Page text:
It’s not really fun to be unemployed in New York City – it’s not all that enjoyable to be unemployed anywhere. But, if you are going to be unemployed, you might as well be in New York because there are a lot of cheap – and even free – things to do.
Let’s first begin with the free. You probably watch a lot of TV while unemployed. I don’t blame you – you can’t search and apply for jobs without break or else lose your sanity. Instead of simply watching what’s on the TV you can go to where these TV programs are being made. Many TV shows are produced right here in New York and the best part is they’re all free.
It does take a little effort, though, as the studios are often small and demand quite large. Take a break from job searching every so often and register for tickets with the Daily Show, Colbert Report, Letterman, Fallon, and Seth Meyers at Late Night. Once verified to have reserved a ticket keep in mind that shows often purposely overbook so as to guarantee a full audience. No worry – you have time – just be sure to get there a bit early to ensure that you get in.
Run through all the free TV shows (you can typically only attend once every six months)? Check out a museum! Though most are not explicitly free, many, by law, may only charge a suggested donation. This means that, yes, it says admission is $24 but, in reality, you can slip them a five and waltz right in. Be sure to check and make sure your desired museum is on the suggested plan, as they aren’t all this way, but I assure you the Met and Natural History Museum can be had for little. Of course, once you find a job it might be nice to offer a bit of a donation for their kindness when funds were low. If you aren’t comfortable skimping out on full payment many more museums offer free admission on Friday evenings – outings typically funded by a corporate sponsor.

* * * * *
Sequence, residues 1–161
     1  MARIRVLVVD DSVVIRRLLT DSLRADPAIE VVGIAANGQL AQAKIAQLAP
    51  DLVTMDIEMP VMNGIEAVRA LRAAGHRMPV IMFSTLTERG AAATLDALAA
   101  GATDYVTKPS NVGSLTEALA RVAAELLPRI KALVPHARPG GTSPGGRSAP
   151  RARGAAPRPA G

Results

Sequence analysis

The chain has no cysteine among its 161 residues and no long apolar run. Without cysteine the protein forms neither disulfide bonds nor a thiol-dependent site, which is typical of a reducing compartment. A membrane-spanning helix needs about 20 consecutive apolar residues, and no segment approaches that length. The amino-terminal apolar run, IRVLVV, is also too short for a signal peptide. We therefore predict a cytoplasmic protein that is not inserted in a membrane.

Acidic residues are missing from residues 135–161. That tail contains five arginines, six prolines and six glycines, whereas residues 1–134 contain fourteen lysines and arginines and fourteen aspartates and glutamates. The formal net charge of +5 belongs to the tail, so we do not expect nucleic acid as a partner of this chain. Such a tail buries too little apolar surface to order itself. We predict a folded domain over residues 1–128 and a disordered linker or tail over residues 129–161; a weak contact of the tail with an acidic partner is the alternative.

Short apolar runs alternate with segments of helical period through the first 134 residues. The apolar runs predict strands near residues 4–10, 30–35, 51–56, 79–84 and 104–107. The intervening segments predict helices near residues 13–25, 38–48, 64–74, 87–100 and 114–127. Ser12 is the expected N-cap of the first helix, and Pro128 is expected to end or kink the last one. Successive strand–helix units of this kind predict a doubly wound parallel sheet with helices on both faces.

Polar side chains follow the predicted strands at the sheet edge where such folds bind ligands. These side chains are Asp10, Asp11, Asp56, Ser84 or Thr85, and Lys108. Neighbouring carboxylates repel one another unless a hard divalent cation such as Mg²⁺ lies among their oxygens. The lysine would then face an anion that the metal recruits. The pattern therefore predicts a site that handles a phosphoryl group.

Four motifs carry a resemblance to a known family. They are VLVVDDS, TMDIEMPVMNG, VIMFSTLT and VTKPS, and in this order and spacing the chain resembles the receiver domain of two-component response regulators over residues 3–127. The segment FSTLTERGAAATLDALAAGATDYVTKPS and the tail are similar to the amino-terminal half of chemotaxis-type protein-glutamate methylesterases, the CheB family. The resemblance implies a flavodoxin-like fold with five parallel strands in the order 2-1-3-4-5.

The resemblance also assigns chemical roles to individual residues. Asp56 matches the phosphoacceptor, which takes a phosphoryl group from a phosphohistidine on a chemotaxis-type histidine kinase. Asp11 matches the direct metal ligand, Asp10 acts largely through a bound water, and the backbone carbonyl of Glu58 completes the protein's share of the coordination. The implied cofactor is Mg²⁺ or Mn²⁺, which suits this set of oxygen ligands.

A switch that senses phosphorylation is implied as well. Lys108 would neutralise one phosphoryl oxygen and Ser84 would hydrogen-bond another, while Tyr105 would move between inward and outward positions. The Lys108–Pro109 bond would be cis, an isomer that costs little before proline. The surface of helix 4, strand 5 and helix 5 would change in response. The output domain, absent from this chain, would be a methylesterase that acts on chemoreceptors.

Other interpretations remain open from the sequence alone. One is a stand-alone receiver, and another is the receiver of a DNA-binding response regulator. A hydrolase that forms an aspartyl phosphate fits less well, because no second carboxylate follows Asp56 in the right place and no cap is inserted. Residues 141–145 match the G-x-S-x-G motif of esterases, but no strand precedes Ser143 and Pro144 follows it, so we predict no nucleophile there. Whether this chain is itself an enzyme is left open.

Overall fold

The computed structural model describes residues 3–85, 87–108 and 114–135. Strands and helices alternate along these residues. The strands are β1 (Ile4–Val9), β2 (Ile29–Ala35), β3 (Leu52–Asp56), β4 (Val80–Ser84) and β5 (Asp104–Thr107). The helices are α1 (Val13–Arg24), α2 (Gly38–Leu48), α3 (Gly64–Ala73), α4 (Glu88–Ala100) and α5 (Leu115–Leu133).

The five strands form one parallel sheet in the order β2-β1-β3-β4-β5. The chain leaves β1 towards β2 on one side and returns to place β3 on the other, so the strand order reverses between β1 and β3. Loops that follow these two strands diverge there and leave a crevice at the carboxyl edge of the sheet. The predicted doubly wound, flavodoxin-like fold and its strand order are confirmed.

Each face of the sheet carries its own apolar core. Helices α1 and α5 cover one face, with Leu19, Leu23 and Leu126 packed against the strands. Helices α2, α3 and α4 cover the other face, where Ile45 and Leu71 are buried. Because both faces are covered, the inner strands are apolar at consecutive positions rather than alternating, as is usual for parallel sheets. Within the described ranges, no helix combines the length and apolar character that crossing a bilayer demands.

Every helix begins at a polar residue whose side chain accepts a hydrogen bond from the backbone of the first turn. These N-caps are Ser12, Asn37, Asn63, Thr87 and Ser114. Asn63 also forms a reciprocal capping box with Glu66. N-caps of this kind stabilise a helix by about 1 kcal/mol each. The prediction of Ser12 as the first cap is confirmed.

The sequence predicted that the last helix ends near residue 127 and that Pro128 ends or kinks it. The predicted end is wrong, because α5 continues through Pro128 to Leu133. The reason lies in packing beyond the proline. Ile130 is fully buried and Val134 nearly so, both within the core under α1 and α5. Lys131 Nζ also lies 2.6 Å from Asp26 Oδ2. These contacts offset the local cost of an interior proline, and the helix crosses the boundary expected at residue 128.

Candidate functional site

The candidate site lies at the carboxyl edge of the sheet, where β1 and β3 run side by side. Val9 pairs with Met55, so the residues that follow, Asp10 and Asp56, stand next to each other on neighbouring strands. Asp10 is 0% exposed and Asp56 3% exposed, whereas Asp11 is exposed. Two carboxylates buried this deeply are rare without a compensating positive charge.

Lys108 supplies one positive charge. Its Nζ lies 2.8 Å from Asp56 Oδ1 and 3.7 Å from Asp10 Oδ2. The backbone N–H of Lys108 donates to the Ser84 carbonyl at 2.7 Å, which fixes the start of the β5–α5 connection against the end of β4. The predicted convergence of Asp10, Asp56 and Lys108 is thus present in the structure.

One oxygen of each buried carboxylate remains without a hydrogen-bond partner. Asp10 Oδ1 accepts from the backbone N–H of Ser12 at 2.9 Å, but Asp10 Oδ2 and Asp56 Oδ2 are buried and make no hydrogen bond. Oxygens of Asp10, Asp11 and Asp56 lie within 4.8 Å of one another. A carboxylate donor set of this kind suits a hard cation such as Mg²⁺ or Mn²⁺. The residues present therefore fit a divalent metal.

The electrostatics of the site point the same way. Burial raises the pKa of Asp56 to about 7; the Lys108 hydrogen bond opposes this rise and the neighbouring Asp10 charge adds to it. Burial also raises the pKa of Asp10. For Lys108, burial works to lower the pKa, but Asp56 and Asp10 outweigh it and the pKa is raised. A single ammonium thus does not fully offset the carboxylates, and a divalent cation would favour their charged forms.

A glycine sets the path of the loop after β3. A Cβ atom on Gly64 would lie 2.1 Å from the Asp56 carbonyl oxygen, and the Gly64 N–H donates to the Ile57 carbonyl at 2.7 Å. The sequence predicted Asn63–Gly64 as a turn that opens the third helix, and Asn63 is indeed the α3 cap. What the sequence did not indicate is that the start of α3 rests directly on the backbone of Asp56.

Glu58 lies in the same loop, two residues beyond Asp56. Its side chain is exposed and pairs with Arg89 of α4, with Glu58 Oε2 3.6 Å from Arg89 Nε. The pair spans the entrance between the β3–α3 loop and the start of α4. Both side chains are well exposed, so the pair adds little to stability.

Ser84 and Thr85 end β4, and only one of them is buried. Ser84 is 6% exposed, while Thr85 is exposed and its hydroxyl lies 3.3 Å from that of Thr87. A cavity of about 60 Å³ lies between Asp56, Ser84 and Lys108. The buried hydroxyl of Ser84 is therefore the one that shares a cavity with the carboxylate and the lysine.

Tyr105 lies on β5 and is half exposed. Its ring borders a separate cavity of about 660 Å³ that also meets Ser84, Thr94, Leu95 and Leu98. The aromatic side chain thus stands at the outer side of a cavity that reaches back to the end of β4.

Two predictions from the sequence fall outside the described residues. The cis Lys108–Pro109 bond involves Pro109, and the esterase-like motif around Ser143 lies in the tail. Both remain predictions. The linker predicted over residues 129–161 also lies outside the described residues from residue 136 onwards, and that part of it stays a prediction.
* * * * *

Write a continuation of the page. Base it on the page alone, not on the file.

Finally, Broadway shows are nothing if not cheap but good deals can be had. It again requires some patience and effort but shows normally running near or well above $100 can be seen for $30 or less. The Book of Mormon features a seating lottery that begins two hours before the curtain goes up. Arrive before 5 p.m., place your name on a ticket, and hope you get drawn to win one of the (usually) 20 $32 seats for that night. You can get up to two seats, though your guest has to be present if drawn. If that fails, or if you want an even greater discount, line up a bit earlier for standing room tickets, of which there are also around 20, for $27.
New York is expensive, as everyone is well aware, but there is still fun to be had even if you’re unemployed. So take a break from the drudgery and see your city!